32. 32. USING FOOD LABELLING TO INFLUENCE FOOD ENVIRONMENTS THE CHILI EXPERIENCE In Chile, one out of three children under 6 years of age is overweight. Starting from June 27th, 2016, a law of food labelling and advertising will be active to curb the ongoing epidemic increase of obesity and non-communicable diseases. It includes: • incorporating easy-to-understand front-of- packages labelling and specific messages addressing critical nutrients: • decreasing children’s exposure to unhealthy foods by restricting marketing, advertising and sales, in particular in schools.
  33. 33. Policies to address food safety Food environments in many developing countries are characterized by unsafe foods and are the cause of high rates of food bourne diseases; Issues of Anti-microbial resistance is a major problem in many countries
  34. 34. Trade Policies can influence foods available CONSEQUENT IMPACT ON FOOD ENVIRONMENTS & DIET QUALITY AROUND THE WORLD: •Increased availability and intake of artificially sweetened beverages, processed foods and refined carbohydrates , •Decreased fruit, vegetable and legume availability and intake
  35. 35. Looking for Healthy Diet? Go to Africa! A 2015 study published by The Lancet Global Health journal looked at the consumption of food (both healthy and unhealthy items) in 187 countries in 1990 and in 2010. The aim was to determine which countries had the world’s healthiest diets. …of the ten countries with the healthiest diets on earth, nine of them are in Africa. What’s more, the three countries with the very best diets are some the world’s poorest.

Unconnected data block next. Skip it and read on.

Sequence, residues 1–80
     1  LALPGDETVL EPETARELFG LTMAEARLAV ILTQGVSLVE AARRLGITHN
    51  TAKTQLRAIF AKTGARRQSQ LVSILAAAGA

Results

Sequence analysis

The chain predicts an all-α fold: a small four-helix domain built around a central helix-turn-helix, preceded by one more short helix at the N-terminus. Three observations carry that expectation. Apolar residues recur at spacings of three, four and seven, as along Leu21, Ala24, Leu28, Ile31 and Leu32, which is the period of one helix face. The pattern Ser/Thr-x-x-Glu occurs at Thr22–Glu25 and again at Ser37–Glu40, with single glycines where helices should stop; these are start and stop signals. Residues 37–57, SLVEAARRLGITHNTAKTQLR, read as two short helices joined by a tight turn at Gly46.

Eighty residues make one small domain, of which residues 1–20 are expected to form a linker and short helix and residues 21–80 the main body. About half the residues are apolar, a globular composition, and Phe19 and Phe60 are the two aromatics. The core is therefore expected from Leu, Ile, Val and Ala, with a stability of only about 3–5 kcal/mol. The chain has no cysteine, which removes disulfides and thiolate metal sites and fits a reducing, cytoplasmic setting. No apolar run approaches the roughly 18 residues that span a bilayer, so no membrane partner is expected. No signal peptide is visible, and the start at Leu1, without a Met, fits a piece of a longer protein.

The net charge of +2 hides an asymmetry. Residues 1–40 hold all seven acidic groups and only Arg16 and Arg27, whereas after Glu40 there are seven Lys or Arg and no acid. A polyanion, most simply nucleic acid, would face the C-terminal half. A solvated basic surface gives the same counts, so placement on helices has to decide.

36. 36. Global Community: A charge to keep, we have ICN2 Rome Declaration on Nutrition: “Eradicate hunger prevent all forms of malnutrition” Agenda 2030 SDG Goal2: Commitment to end all forms of malnutrition (target 2.2) and provide safe, nutritious and sufficient food all year round;
  37. 37. Time to protect Traditional diets Traditional diets, in many parts of the world are being displaced due to neglect by policy makers; and over processed low nutrient foods are becoming cheaper
  38. 38. Conclusion  Governments working with food systems actors must steer the food system to deliver on healthy diets  Protect traditional healthy diets through the creation of conducive food environment E.g. policies in place to make healthy diet available, accessible, convenient and desirable to the consumer